But testing was neither innocuous nor neutral. For one thing, it assumed a definition of kinship at odds with the family practices of those being tested. Among southern Chinese migrants, adoption was common, fueled by high rates of infant mortality and a preference for sons. Remarriage and polygyny, in which a man had multiple female partners, were also practiced. Part of what blood tests revealed, then, was not fake families but non-biological ones. What is more, even as the government insisted on biological kinship for the Chinese, its definition of kinship for other racial-national groups was more flexible. At the very moment officials began using tests to root out Chinese paper sons, Congress passed legislation that created another sort of paper child: the international adoptee. A series of laws in the 1950s facilitated the adoption of foreign children by (mostly white) American families. The government thus applied different definitions of family for different kinds of migrants.

Ultimately, blood testing could not be separated from the broad history of anti-Chinese discrimination. After all, paper immigration had developed in response to more than half a century of Chinese exclusion laws. The government’s perceived need to test the Chinese also arose from that history of exclusion. Scientific methods might be touted as neutral, but their application could not be separated from their political context.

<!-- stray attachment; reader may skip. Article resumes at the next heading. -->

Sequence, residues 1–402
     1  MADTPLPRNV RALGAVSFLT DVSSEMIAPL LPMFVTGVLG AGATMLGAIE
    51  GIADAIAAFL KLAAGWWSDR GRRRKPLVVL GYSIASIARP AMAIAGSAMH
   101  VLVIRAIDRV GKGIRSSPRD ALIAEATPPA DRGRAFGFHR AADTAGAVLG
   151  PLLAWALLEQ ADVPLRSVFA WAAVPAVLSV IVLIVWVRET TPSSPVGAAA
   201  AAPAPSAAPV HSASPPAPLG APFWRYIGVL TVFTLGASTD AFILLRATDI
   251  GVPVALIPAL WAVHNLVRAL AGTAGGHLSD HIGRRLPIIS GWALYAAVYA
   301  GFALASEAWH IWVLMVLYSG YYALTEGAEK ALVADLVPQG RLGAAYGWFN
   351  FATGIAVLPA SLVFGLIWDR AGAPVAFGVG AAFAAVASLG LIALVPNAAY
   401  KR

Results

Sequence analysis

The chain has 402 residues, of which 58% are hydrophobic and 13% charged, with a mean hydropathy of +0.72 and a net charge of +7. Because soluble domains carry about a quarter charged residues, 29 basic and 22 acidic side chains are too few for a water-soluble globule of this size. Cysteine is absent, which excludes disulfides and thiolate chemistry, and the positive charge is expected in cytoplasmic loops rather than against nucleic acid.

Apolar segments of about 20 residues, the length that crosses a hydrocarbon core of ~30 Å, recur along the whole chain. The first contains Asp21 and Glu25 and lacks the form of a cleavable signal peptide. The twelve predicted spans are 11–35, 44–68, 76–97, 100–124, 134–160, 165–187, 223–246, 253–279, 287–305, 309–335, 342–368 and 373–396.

Today DNA has eclipsed blood-group testing, but politics continues to determine its use. In an undated policy memo from around 2009, U.S. Citizenship and Immigration Services officials called for the expansion of genetic testing. They warned that al-Qaeda operatives could slip into the country posing as kin, a fear that echoed with perfect pitch those of their Cold War predecessors. Except now the dreaded foreign infiltrators were terrorists, not Communists.

Until recently, the application of DNA to immigration and refugee proceedings was limited by cost and accessibility. Rapid DNA now appears poised for use in global refugee camps, in local immigration offices and at the nation’s border.